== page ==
"I am a self-proclaimed radical, but my definition is one who gets to the roots of issues, not someone who is a firebomb thrower."
— Chris Daly before being elected to board of supervisors in a December 2000 runoff.
"Although I will never apologize for my passion, I do regret my contribution to the lack of decorum at Friday's meeting, and for that I apologize."
— Daly in a handwritten note delivered to Willie Brown after nearly getting into a fistfight with the 67-year-old mayor. The episode occurred in Daly's first year in office.
"Up yours, Jake McGoldrick!"— Residential Builders Association president (and Willie Brown ally) Joe O'Donoghue after the new board majority passed a moratorium on live-work lofts in 2001. O'Donoghue, who was escorted out of the chambers, also decried "those left-wing wackos who've taken over the Board of Supervisors."
"Not true. Not true. Didn't happen."
— Daly to the Chronicle in June 2002. A police officer who had arrested Daly at a protest at Hastings College of the Law accused the supervisor of threatening, "I will have your job."
— Daly to a landlord advocate during a November 2004 public hearing on tenants' rights.
"Yeah, I'll kiss your ass, right after I kick it."
— Daly to McGoldrick in January 2005 after McGoldrick didn't vote for Daly's proposed $100,000 aid package for victims of the Southeast Asia tsunami.
"Maybe we should examine legalization ... and recognize contractual, consensual sex has always been, and will always be, a part of human culture."
— McGoldrick during an October 2006 debate over a law regulating massage parlors doubling as brothels. McGoldrick opposed the ordinance. He is currently backing Proposition K, which would decriminalize prostitution in the city.
"The mayor of San Francisco artfully dodges every question about allegations of his own cocaine use."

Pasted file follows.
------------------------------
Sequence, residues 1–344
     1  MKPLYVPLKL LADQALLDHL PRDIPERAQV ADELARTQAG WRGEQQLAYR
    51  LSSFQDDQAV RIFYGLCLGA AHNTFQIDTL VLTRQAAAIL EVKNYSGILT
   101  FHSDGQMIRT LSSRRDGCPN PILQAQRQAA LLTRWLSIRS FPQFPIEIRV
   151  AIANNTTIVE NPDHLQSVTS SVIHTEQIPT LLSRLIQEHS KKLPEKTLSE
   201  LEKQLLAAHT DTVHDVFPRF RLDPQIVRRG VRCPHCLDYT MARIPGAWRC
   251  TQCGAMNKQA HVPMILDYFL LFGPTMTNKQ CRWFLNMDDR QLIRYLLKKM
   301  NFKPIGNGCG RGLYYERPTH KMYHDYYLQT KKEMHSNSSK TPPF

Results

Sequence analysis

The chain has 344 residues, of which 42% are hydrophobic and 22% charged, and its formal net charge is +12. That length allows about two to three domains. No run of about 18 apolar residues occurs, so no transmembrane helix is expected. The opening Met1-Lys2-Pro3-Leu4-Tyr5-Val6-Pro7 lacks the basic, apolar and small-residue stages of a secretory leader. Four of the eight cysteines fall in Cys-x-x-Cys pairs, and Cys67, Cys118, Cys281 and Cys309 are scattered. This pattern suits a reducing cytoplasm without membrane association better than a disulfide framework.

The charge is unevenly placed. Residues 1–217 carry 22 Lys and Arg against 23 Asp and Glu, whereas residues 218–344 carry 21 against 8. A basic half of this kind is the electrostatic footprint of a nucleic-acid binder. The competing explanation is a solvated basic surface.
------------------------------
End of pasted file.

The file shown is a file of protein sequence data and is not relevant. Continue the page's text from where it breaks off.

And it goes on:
— Daly in June 2007, finding the worst possible way to lobby against Mayor Gavin Newsom's proposed public health cuts for substance abuse treatment for the poor.
"In my estimation, the Supervisor had been drinking because his words were not clear. I never did understand what the purpose of his call was."
— Port Director Monique Moyer in an August 2007 letter to the city's acting human resources director complaining about getting harassing phone calls from Aaron Peskin. According to the letter, the port and Peskin had been at odds over a bill in the Legislature. In another call, Moyer alleged, Peskin threatened he was "going after" her.
"[Picket] their houses in Tiburon and at their bar mitzvahs."
— Gerardo Sandoval urging San Franciscans to confront CEOs of large firms, including Pacific Bell, PG&E, Charles Schwab, and the San Francisco Giants, which had sued the city alleging illegal business taxes in April 2001. The remark was later used against Sandoval in his re-election campaign when his critics sent out a mailer featuring an image of a swastika suggesting Sandoval was anti-Semitic.
"I'm an activist. I had an opportunity, and I took it.''
— Daly after making the unprecedented move to appoint two allies to the Public Utilities Commission while Mayor Willie Brown was away from City Hall in Tibet in October 2003.
"Smash the State."
— A graffiti installation on display in Matt Gonzalez' City Hall office in December 2004.
"Payback is a bitch."
— Peskin to Supervisor Michela Alioto-Pier in October 2007. According to Alioto-Pier, the board president made the comment after he switched a vote to deep-six an Alioto-Pier proposal — supposedly in retaliation for her refusal to support Prop. A, Peskin's transportation measure.
Read more on the Class of 2000
The Class of 2000
Eight years after being swept into office, a once-disorganized band of neighborhood leftists tries to create a citywide political machine.
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The Failed Experiment
The Class of 2000 made San Francisco its political petri dish.
by Matt Smith